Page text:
Anton Aarse:

“Products sell better with good photos”

A professional photography studio is not essential in order to take good product photos, but it can be useful, according to Anton Aarse from lisianthus nursery Floralis in Honselersdijk.

Anton runs the business with his brother, Jan Willem. Their parents founded the business in 1966 and they still lend a helping hand from time to time. During a tour of the hothouse, Anton proudly announced that they had received the Master Grower Award at the annual National Summer Flowers Exhibition in Naaldwijk this year for the double-flowered lisianthus 'Arosa Red'.

How do you take the product photos?
Anton opened a closet containing a single-lens reflex camera, two studio lights, a grey background, a monitor (attached to the ceiling of the closet) and a computer. "Look, this is our 'photography closet'. The equipment stays clean, there is a neat background in the corner, and you can consistently take the same types of photos. Royal FloraHolland advised us on how to set up the photography studio. We made the closet ourselves and Ruud Hamel installed the equipment."

What happens after you take a photo?
"Once I have taken the product photos, they are saved on my hard drive. I then edit the photos a little. The inset can be problematic, but the software supplier has ensured that my logo is automatically superimposed on the pictures. They are then placed in the image bank. This way I don't need to give it a second thought."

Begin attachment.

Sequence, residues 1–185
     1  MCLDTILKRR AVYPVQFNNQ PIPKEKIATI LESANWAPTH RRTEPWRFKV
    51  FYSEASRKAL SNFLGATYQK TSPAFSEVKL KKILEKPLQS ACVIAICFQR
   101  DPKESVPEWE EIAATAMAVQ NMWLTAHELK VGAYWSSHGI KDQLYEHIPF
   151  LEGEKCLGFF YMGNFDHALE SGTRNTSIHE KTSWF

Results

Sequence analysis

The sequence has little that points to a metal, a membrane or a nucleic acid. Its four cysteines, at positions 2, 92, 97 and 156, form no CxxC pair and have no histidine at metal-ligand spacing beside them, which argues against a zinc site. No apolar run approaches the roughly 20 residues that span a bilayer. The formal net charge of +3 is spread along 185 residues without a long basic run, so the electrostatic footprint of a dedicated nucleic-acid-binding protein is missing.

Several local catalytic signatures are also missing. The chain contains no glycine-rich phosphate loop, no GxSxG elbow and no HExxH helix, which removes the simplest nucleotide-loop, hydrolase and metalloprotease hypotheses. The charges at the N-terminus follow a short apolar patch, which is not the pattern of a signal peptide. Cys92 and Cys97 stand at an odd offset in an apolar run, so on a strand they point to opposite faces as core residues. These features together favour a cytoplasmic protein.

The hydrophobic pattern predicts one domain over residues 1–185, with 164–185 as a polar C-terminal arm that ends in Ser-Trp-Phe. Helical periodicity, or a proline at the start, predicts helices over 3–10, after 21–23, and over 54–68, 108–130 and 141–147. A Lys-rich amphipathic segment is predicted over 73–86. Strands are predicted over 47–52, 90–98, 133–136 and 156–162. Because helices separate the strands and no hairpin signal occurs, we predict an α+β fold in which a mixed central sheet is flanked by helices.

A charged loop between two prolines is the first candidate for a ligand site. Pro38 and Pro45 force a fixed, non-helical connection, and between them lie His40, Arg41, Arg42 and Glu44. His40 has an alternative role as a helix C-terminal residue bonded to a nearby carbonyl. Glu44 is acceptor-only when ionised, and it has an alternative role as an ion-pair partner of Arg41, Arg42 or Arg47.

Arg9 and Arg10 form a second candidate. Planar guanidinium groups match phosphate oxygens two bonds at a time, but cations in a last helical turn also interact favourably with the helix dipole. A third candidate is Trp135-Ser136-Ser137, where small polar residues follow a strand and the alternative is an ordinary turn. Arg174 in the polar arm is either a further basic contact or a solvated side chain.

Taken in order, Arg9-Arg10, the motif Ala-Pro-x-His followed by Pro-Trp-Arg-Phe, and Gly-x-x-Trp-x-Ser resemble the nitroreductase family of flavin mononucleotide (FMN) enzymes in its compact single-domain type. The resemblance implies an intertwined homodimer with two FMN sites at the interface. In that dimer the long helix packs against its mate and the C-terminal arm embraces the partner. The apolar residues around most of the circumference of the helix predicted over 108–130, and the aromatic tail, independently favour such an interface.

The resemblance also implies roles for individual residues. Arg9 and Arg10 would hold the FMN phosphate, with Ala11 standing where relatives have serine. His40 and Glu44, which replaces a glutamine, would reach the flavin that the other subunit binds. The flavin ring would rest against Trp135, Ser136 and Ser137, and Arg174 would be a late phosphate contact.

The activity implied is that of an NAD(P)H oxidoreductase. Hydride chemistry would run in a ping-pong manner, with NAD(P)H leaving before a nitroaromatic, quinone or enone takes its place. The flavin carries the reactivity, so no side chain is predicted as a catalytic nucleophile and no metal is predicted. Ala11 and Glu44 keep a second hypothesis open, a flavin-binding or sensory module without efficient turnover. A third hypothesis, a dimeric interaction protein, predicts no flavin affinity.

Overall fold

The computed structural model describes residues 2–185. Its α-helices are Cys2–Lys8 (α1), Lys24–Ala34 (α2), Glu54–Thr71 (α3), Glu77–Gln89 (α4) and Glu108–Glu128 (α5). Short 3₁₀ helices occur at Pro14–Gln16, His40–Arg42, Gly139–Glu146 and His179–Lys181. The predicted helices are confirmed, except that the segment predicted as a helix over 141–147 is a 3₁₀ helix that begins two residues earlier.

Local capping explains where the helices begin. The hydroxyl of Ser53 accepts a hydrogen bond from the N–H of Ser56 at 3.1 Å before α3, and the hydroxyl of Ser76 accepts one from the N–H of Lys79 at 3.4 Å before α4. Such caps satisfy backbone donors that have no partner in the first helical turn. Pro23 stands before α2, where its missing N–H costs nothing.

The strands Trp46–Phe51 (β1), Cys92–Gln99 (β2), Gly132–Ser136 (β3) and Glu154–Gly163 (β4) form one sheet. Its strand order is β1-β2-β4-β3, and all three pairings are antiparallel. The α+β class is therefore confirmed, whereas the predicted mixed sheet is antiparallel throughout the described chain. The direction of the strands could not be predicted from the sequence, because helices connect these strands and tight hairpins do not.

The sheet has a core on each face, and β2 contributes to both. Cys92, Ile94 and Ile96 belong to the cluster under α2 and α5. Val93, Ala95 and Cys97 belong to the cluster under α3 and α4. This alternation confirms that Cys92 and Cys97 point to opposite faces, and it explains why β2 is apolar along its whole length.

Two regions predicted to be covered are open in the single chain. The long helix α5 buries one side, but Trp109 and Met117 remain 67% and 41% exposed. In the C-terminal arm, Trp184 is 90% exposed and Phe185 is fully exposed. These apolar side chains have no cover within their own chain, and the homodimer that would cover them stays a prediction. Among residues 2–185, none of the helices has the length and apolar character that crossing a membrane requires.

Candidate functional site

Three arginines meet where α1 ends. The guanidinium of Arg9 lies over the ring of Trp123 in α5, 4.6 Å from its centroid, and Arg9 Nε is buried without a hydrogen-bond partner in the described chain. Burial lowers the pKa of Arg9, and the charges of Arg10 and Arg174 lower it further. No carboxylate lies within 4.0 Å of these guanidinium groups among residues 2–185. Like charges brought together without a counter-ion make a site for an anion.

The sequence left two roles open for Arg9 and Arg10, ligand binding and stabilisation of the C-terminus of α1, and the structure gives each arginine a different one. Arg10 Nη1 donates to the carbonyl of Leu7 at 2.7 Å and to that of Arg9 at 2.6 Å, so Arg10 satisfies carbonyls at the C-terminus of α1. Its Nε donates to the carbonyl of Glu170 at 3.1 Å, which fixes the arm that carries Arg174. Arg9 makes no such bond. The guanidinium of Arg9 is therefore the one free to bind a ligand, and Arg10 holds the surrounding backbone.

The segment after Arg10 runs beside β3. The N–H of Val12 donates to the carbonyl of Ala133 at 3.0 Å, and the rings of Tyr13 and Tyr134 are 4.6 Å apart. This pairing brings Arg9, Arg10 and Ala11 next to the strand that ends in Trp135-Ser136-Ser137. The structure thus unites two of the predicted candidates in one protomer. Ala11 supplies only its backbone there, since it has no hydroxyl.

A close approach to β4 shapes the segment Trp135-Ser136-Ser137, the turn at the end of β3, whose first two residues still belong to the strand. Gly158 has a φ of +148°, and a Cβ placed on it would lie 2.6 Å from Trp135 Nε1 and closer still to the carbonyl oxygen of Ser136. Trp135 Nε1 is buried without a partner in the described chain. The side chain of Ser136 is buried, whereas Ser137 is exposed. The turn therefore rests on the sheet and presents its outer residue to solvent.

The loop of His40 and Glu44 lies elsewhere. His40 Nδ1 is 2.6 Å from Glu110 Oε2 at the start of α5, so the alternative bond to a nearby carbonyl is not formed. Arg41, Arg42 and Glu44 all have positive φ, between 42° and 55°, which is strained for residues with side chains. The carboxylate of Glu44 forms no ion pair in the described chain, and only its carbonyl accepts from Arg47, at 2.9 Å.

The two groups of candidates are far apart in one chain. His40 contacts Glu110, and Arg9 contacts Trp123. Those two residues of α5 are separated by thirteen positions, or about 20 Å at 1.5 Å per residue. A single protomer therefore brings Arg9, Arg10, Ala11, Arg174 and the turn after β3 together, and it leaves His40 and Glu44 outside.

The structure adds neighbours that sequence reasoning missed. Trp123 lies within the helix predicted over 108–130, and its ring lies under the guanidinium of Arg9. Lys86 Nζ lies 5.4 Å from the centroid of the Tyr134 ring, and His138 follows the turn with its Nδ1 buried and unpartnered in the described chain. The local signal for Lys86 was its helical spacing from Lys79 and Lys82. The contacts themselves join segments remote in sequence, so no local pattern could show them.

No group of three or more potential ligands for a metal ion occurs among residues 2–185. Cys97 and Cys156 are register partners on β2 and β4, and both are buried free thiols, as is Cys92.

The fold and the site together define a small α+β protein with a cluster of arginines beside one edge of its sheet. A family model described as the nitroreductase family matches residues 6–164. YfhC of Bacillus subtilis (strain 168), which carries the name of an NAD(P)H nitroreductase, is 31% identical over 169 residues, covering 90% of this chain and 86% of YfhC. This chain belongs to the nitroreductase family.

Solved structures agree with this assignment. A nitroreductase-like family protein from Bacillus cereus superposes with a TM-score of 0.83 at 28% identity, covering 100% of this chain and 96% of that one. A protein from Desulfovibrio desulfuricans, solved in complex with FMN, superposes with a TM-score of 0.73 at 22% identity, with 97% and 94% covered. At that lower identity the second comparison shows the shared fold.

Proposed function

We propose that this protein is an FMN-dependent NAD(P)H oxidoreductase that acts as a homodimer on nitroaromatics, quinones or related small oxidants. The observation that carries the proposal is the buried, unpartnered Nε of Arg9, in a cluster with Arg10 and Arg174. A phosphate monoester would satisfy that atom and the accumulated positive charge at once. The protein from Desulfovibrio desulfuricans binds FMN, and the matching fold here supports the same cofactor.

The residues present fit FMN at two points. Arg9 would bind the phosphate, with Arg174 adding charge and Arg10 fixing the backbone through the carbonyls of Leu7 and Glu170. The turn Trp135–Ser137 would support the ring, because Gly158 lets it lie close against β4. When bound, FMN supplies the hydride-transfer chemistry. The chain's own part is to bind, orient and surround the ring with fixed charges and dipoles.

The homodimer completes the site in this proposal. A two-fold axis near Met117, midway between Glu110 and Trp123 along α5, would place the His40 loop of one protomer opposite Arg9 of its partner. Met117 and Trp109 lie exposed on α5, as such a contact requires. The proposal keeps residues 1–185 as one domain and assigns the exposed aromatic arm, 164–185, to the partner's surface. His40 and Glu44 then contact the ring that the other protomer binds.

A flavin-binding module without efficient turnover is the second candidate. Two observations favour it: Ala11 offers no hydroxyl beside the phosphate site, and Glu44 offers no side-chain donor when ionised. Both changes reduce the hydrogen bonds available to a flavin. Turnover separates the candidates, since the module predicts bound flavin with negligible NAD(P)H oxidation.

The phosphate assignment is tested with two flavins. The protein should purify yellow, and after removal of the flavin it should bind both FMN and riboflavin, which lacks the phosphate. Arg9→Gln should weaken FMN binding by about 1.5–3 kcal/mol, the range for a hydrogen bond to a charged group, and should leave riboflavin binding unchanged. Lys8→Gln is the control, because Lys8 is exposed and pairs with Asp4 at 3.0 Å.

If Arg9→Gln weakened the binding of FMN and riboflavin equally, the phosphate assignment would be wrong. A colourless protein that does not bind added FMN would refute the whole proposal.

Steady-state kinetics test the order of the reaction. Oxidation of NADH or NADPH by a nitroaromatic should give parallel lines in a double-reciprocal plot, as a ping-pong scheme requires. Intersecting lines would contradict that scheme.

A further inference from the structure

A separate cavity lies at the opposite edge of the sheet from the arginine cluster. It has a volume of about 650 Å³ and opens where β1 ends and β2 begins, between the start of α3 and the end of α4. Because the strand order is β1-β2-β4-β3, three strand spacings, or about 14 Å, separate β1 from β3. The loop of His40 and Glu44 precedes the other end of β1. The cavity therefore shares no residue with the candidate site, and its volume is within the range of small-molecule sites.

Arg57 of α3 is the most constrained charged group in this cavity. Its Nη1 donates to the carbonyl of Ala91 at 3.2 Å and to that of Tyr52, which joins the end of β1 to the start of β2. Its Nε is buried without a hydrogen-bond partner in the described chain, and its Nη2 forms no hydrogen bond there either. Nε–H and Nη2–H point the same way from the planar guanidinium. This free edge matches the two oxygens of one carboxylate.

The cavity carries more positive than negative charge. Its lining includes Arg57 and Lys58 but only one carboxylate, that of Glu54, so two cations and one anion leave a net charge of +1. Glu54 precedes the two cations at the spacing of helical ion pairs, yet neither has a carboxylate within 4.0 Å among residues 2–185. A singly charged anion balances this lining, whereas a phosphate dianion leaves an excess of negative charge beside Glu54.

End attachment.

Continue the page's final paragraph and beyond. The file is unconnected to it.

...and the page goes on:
What do you think about the photography guidelines?
"The new photography guidelines ensure greater uniformity. I think it is good for the trade if comparable photos are displayed next to one another." According to Anton, "the greatest challenge in taking good product photos is finding a clean container and a clean rack."  He explains, laughing, "The photos now have such a high resolution, that you can see everything."

Did you change anything about the photos?
"With a bit of help, I adjusted the camera settings slightly in terms of lighting, exposure time and so on. I didn't look into the subject in great depth; it's not really my thing. I already used to take the pictures from above, at an angle, but I now make sure you cannot see the whole bucket. The inset at the bottom right is also new, but we have had that now for two years."

Do you get any feedback from customers?
"The customers are satisfied with the photos. In any case, I don't receive any complaints. We have six different lithiantus colors, primarily in lengths of 75, 65, and some shorter 45 cm stems. We always supply them to the clock in 997. The shorter ones go in 577. Customers sometimes have special requests, such as, 'Can I have it like that? What would that look like?' For instance, 6 bunches in a 544 with a collar. I then take a new photo and just send it to the customer via WhatsApp." 

Are growers very interested in the subject of product photos?
"My colleagues who supply all year round do everything themselves. I presume that they are properly organized. However, the seasonal growers who only have a certain product for a few months probably do things differently."

Is a professional photography studio feasible for everyone?
"I am not aware of the financial situation of other businesses, but I should think so. A good product photo leads to better sales, through the clock presales, for instance. In the past, customers used to inspect the products physically. Only by feeling and touching something do you know exactly what you are buying. Of course, that is becoming less common, and we have to move with the times as far as digitization is concerned."

Source: Royal FloraHolland


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